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How do risk attitudes affect measured confidence?

Murad, Zahra; Sefton, Martin; Starmer, Chris

Authors

Zahra Murad

CHRIS STARMER chris.starmer@nottingham.ac.uk
Professor of Experimental Economics



Abstract

We examine the relationship between confidence in own absolute performance and risk attitudes using two confidence elicitation procedures: self-reported (non-incentivised) confidence and an incentivised procedure that elicits the certainty equivalent of a bet based on performance. The former procedure reproduces the “hard-easy effect” (underconfidence in easy tasks and overconfidence in hard tasks) found in a large number of studies using non-incentivised self-reports. The latter procedure produces general underconfidence, which is significantly reduced, but not eliminated when we filter out the effects of risk attitudes. Finally, we find that self-reported confidence correlates significantly with features of individual risk attitudes including parameters of individual probability weighting.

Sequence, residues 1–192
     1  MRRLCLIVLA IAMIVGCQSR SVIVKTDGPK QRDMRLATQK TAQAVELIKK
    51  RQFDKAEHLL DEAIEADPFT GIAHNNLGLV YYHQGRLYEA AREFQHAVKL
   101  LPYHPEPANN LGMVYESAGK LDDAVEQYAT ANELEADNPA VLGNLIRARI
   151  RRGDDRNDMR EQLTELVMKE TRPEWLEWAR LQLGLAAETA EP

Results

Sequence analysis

Journal Article Type Article
Publication Date Feb 29, 2016
Journal Journal of Risk and Uncertainty
Print ISSN 0895-5646
Electronic ISSN 1573-0476
Publisher Springer Verlag
Peer Reviewed Peer Reviewed
Volume 52
Issue 1
APA6 Citation Murad, Z., Sefton, M., & Starmer, C. (2016). How do risk attitudes affect measured confidence?. Journal of Risk and Uncertainty, 52(1), https://doi.org/10.1007/s11166-016-9231-1
DOI https://doi.org/10.1007/s11166-016-9231-1
Keywords Overconfidence; Underconfidence; Experiment; Risk preferences
Publisher URL http://link.springer.com/article/10.1007/s11166-016-9231-1
Copyright Statement Copyright information regarding this work can be found at the following address: http://creativecommons.org/licenses/by/4.0

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Copyright Statement
Copyright information regarding this work can be found at the following address: http://creativecommons.org/licenses/by/4.0





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